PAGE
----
Why Zappos Pays New Employees to Quit

Why Zappos Pays New Employees to Quit—And You Should Too

Posted by Bill Taylor / HarvardBusiness
May 19, 2008 10:06 AM

I
spend a lot of time visiting with companies and figuring out what ideas
they represent and what lessons we can learn from them. I usually leave
these visits underwhelmed. There are plenty of companies with a hot
product, a hip style, or a fast-rising stock price that are,
essentially, one-trick ponies—they deliver great short-term results,
but they don’t stand for anything big or important for the long-term.


Every so often, though, I spend time with a company that is so
original in its strategy, so determined in its execution, and so
transparent in its thinking, that it makes my head spin. Zappos is one
of those companies. Two weeks ago, I paid a visit to Zappos
headquarters in Henderson, Nevada, just outside Las Vegas, and spent
time with CEO Tony Hsieh
and his colleagues. I could write a whole series of posts (and just
might) about what I learned from this incredible operation. But I want
to focus this post on one small practice that offers big lessons for
leaders who are serious about changing the game in their field—and
filling their organization with people who are just as committed as
they are.

First, some background. As most of you know, Zappos sells shoes—lots
of them—over the Internet. The company expects to generate sales of
more than $1 billion this year, up from just $70 million five years
ago. Part of the reason for Zappos’s meteoric success is that it got
the economics and operations right. It offers customers a huge
selection—four million pairs of shoes (and other items, such as
handbags and apparel) in a warehouse in Kentucky next to a UPS hub. (If
Imelda Marcos weren’t already dead, she’d visit that warehouse and have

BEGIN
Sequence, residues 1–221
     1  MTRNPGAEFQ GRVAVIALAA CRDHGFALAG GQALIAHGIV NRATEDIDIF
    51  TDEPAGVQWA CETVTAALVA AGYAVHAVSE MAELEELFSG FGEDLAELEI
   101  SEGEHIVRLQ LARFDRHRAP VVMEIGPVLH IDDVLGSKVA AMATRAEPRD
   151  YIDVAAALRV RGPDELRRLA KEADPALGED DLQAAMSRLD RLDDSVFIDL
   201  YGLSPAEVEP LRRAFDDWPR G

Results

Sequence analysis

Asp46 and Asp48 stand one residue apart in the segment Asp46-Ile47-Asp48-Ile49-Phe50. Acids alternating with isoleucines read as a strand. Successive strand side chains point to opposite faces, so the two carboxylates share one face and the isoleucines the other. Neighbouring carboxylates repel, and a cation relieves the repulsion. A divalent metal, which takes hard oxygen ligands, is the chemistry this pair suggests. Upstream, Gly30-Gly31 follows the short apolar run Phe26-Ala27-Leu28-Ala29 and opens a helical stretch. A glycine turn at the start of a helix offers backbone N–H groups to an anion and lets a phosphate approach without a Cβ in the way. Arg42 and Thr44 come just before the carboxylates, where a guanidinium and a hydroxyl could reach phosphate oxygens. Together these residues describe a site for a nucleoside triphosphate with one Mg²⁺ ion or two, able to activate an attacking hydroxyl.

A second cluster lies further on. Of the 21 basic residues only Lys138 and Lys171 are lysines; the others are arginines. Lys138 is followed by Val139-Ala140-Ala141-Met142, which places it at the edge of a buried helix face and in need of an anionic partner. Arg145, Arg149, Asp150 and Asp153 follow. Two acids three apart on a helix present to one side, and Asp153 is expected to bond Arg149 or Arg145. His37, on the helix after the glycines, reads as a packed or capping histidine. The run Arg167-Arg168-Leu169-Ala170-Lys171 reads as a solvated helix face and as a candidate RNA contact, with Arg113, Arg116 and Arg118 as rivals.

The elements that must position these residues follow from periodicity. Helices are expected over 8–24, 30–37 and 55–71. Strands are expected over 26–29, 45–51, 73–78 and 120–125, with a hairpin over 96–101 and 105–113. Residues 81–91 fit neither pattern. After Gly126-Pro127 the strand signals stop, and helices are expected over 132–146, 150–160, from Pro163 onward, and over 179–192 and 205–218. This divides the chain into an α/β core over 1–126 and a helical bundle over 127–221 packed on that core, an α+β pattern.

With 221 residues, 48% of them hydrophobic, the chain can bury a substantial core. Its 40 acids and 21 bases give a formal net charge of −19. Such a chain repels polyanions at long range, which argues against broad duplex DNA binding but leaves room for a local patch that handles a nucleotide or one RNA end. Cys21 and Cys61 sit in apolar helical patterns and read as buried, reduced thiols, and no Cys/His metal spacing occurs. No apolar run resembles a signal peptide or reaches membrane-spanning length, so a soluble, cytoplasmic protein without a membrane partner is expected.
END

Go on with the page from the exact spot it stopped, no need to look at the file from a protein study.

a coronary on the spot.)
It also offers free delivery and free returns—if you don’t like the
shoes, you box them up and send them back to Zappos for no charge.

So the value proposition is a winner. But it’s the emotional
connection that seals the deal. This company is fanatical about great
service—not just satisfying customers, but amazing them. The company
promises free, four-day delivery. That’s pretty good. But most of the
time it delivers next-day service, a surprise that leaves a lasting
impression on customers: "You said four days, but I got them the next
morning."

Zappos has also mastered the art of telephone service—a black hole
for most Internet retailers. Zappos publishes its 1-800 number on every
singe page of the site—and its smart and entertaining call-center
employees are free to do whatever it takes to make you happy. There are
no scripts, no time limits on calls, no robotic behavior, and plenty of legendary stories about Zappos and its customers.

This is a company that’s bursting with personality, to the point where a huge number of its 1,600 employees are power users of Twitter so
that their friends, colleagues, and customers no what they’re up to at
any moment in time. But here’s what’s really interesting. It’s a hard
job, answering phones and talking to customers for hours at a time. So
when Zappos hires new employees, it provides a four-week training
period that immerses them in the company’s strategy, culture, and
obsession with customers. People get paid their full salary during this
period.

After a week or so in this immersive experience, though, it’s time
for what Zappos calls "The Offer." The fast-growing company, which
works hard to recruit people to join, says to its newest employees: "If
you quit today, we will pay you for the amount of time you’ve worked,
plus we will offer you a $1,000 bonus." Zappos actually bribes its new
employees to quit!

Why? Because if you’re willing to take the company up on the offer,
you obviously don’t have the sense of commitment they are looking for.
It’s hard to describe the level of energy in the Zappos culture—which
means, by definition, it’s not for everybody. Zappos wants to learn if
there’s a bad fit between what makes the organization tick and what
makes individual employees tick—and it’s willing to pay to learn sooner
rather than later. (About ten percent of new call-center employees take
the money and run.)

Indeed, CEO Tony Hsieh and his colleagues keep raising the size of
the quit-now bonus. It started at $100, went to $500, and may well go
higher than $1,000 as the company gets bigger (and it becomes even more
difficult to maintain the all-important culture and obsession with
customers.)

It’s a small practice with big implications: Companies don’t engage
emotionally with their customers—people do. If you want to create a
memorable company, you have to fill your company with memorable people.
How are you making sure that you’re filling your organization with the
right people? And how much are you willing to pay to find out?

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